Tuesday, September 26, 2023

Review: Black River Orchard by Chuck Wendig


Black River Orchard by Chuck Wendig
Del Rey
Publication Date: September 26th, 2023
Hardcover. 544 pages.

About Black River Orchard:

"It’s autumn in the town of Harrow, but something else is changing in the town besides the season.

Because in that town there is an orchard, and in that orchard, seven most unusual trees. And from those trees grows a new sort of apple: Strange, beautiful, with skin so red it’s nearly black.

Take a bite of one of these apples and you will desire only to devour another. And another. You will become stronger. More vital. More yourself, you will believe. But then your appetite for the apples and their peculiar gifts will keep growing—and become darker.

This is what happens when the townsfolk discover the secret of the orchard. Soon it seems that everyone is consumed by an obsession with the magic of the apples… and what’s the harm, if it is making them all happier, more confident, more powerful?

And even if buried in the orchard is something else besides the seeds of this extraordinary tree: a bloody history whose roots reach back the very origins of the town.

But now the leaves are falling. The days grow darker. And a stranger has come to town, a stranger who knows Harrow’s secrets. Because it’s harvest time, and the town will soon reap what it has sown.

Black River Orchard is horror story that will make you both love and fear something you would never expect: apples. It's a wild ride from start to finish that is sure to keep you turning the page as if your life depends on it. Chuck Wendig has a very specific style to his horror books, and if you like his style, then you will certainly have a fantastic time Black River Orchard

Black River Orchard is basically about a town where some apple trees start bearing magic apples that people eat, become addicted to, and weird shit starts happening. That's honestly all you really need to know going into this book. Also, you will learn a lot about apples, probably more than you really need to know, but honestly I enjoy having this excessive apple knowledge at this point. I also want to go try a lot of apples now. Anyway, let's get to the review! 

We largely follow Dan, developer of the problematic magic apples, and his daughter, Calla, who consistently puts up with her dad's apple obsession. We also meet some additional POV characters, such as: Meg and Emily, a married couple who recently moved to town; Graham and Joanie, another married couple that live in town, though they actually rent their house out fairly often and also live in a nearby city; and lastly, a man named John Compass who ends up having quite a history that ties in well with other events in the town. It's a pretty large cast, as most of Wendig's novels tend to be, and we spend plenty of time getting to know all of them. A cast this large can often feel overwhelming and hard to keep track of, but Wendig works his magic and somehow creates individual, unique characters with distinct storylines and personalities that makes it easy to follow along. 

When Dan's magic apples start making the rounds, people in town start losing their minds a bit (and by "a bit," I mean absolutely, completely going crazy). Calla is one of the few who hasn't eaten an apple and it stuck trying to figure out what is going on, as well as how to stop it. This is a pretty intense story at times, and there's plenty of gore and gross things that happen along the way as people become more and more addicted to the apples, which leads to a culmination of events that are difficult to comprehend. In addition to the present day apple issues, there are additional layers to this story including past events that combine John Compass' storyline with the present. Everything happening in this town has a long history that goes back to intertwine with the indigenous Lenape peoples that previously lived on the land, and I really love how Wendig managed to tie all of this together.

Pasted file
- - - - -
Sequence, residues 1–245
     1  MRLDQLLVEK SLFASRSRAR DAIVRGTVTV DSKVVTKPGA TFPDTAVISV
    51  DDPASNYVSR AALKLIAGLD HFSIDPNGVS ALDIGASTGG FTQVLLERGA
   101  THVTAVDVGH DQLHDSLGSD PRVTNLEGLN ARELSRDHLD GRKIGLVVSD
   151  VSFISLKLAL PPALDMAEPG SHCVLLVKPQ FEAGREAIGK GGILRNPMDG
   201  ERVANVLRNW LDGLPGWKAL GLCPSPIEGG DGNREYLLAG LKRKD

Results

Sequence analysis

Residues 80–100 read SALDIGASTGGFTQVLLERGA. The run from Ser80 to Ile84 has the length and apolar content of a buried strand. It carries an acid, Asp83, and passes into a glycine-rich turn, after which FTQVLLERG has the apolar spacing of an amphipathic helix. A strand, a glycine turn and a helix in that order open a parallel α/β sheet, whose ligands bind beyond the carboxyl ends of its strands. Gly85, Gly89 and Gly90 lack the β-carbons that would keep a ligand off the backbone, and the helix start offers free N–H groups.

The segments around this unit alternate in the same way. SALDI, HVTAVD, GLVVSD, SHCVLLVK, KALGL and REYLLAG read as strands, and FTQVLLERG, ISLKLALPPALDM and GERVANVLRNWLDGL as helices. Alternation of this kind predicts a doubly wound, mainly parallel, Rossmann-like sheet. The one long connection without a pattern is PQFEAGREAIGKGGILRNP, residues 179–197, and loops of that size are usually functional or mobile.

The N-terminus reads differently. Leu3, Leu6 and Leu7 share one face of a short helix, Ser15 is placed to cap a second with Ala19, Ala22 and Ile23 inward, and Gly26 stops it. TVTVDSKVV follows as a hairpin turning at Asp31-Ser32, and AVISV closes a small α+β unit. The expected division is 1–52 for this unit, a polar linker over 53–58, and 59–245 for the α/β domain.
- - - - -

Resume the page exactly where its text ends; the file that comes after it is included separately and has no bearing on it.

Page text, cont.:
Wendig has a very verbose style of writing and pacing that really takes its time to set up the story, allow characters to develop, and build tension, which all works really well creating a slow burned and complex horror story that never leaves a moment for boredom. I love how much time and effort Wendig puts into developing his characters, as well as how much detail is put into developing history and background for both them and the setting. There's an ever-present creepiness that permeates the entire atmosphere of the story and really leaves the feeling of not knowing what to expect. 

Black River Orchard is a very "on brand" story for Wendig when compared to his other work, and while part of me really loves that, I also somehow felt as though I'd read this book before or parts of it just felt very familiar. I always have a great time with the crazy stories that Wendig takes us on, but I find I really have to be in the mood for a lot of side journeys and what feels like a bit of rambling at times (it's not actually rambling because everything plays into the plot, but it just feels like a lot of digressions) in order to fully appreciate his work. If you've read Wendig before and know whether you like his style or not then you'll probably have a good idea if this book will work for you or not. 

If you like a slow burn horror that unleashes creepiness at every corner and has a constant sense of unease, then Black River Orchard is the perfect fit. For me, it didn't end up clicking as much as some of his other books, but I still had a great time with it and will certainly be giving all of my apples a suspicious glance before I eat them now...

*I received a copy of Black River Orchard courtesy of NetGalley and the publisher in exchange for an honest review.*

Buy the book: Amazon | Bookshop.org

1 comment:

  1. I really enjoyed this, but it did feel a bit long in places. I think I was just anxious to find out what happens😁